The Hippocampus in Fish
A predecessor of our hippocampus also developed around the time of the first fishes. The actual hippocampus is unique to mammals but there are theories that similar structures evolved from a common ancestor of reptiles and mammals around 520 million years ago. Its main task is to create a mental map of an animal’s environment to allow the animal to remember where possible food and water sources are located. It also helps with navigation, remembering paths the animal has taken, relating spatially to other animals or objects, [Danjo et al., 2018] and recognizing places for orientation. A good example for the use of the hippocampus is squirrels burying nuts as food stashes for the winter. Our current understanding is that this map is not a literal map but instead consists of points of orientation. While many people can construct a mental image of a map, we tend to orient ourselves by seeing something we know and then putting our goal in relation to the landmark. For example, when describing to another person the path to a location, we might say “Walk down the street until you get to the large tower, then turn right.”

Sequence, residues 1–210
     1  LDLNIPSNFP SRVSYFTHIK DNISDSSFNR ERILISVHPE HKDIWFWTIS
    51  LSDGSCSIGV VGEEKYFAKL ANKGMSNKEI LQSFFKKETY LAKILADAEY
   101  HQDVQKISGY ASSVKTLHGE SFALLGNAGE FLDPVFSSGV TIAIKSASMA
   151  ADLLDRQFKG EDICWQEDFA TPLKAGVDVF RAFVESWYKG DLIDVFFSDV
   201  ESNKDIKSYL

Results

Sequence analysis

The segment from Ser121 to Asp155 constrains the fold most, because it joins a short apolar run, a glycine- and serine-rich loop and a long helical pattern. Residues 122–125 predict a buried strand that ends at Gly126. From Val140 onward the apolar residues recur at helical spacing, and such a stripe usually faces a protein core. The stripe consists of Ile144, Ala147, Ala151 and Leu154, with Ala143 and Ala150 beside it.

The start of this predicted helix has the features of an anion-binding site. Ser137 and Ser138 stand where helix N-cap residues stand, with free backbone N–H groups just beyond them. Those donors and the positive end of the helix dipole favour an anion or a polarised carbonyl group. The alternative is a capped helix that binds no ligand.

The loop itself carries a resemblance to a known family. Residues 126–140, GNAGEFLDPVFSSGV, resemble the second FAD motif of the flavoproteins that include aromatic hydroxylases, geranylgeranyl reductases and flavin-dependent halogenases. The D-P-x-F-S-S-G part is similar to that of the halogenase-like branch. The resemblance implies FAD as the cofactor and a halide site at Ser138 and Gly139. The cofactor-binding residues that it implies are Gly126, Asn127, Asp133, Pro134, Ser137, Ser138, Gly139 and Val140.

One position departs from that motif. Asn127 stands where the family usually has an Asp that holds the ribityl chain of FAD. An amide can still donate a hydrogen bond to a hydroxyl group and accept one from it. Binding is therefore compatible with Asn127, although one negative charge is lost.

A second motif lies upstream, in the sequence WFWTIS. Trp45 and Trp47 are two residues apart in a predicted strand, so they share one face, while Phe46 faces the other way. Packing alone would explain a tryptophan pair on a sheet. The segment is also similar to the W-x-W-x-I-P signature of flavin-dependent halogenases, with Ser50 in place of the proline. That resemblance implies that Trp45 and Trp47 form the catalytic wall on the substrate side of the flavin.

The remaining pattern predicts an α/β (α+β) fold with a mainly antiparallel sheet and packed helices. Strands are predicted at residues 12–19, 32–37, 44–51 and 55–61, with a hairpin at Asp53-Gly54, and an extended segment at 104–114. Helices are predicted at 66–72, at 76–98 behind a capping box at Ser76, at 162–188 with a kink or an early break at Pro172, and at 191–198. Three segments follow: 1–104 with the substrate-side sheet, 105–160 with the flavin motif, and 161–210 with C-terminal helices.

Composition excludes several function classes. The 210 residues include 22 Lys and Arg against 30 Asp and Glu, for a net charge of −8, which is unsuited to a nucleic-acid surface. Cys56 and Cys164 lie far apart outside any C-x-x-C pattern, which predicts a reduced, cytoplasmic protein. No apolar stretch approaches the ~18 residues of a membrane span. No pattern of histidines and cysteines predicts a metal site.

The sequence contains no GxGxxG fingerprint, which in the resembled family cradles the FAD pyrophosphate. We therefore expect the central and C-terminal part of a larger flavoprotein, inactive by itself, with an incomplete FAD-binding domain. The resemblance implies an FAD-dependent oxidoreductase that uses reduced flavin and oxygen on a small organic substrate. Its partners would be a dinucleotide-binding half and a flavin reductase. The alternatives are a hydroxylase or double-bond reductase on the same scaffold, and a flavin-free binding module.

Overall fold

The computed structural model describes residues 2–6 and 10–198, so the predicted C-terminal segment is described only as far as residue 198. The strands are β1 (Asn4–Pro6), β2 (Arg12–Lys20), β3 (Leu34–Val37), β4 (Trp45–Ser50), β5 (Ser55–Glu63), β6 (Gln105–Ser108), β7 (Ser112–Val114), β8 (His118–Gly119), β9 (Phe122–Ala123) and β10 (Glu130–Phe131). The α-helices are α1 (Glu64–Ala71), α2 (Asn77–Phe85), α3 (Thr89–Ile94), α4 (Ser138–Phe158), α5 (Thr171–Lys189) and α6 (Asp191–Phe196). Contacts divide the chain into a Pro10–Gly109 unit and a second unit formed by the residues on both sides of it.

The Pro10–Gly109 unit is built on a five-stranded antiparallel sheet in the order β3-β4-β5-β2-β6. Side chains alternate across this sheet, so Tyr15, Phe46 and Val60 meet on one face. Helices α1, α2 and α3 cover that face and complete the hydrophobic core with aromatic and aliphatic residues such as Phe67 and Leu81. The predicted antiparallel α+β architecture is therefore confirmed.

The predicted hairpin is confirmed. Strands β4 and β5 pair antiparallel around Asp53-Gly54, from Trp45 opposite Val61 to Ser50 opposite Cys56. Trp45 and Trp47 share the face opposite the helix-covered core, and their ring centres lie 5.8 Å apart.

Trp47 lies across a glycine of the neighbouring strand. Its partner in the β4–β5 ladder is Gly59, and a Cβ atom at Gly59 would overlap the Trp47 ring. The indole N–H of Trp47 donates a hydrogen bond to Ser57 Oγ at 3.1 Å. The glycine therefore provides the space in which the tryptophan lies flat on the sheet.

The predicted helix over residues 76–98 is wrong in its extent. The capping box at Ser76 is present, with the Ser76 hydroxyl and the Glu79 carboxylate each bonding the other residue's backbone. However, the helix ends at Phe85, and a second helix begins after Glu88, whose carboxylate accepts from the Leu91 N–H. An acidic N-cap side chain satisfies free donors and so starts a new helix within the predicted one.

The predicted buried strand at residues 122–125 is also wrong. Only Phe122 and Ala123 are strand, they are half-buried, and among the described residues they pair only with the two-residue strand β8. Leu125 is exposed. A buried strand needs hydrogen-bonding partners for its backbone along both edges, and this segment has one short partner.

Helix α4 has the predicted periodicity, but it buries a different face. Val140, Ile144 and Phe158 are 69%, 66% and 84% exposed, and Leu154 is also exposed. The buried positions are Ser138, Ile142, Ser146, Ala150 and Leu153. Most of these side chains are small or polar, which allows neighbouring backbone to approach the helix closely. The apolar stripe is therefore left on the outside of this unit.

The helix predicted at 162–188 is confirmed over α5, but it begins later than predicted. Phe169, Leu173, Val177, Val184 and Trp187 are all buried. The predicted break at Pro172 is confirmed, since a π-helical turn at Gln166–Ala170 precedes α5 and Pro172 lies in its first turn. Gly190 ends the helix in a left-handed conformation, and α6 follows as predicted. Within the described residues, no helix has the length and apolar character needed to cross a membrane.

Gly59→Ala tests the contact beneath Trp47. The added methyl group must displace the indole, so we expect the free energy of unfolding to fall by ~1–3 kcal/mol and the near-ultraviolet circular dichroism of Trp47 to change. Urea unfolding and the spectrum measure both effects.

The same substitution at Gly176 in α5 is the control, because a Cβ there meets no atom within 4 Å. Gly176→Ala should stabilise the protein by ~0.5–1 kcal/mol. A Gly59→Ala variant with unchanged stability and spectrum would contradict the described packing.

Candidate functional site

Hippocampus The brain’s hippocampus provides us with a mental map for navigation. It also builds temporal relationships between places, allowing us to determine, for example, which areas in our environment we have already foraged and in which areas the plants have regrown. The hippocampus and the olfactory system (sense of smell) make up the allocortex.
While earlier animals could drift and react to sensory inputs (evading predators and approaching food), once the food was out of sight, it was also out of mind. The hippocampus allowed animals to find more food by avoiding areas that they had already foraged and exploring areas they had not foraged. This requires mapping the environment based on odors (the sense of smell has direct connections to the hippocampus) and sights, as well as prioritizing those according to the time they should be visited [Murray et al., 2018]. This led to the evolution of the hippocampus to handle tasks in serial order with the right timing and in the right context. This stems from its ability to associate two memories with each other, which helps to find a path from one place to another [Samsonovich and Ascoli, 2005].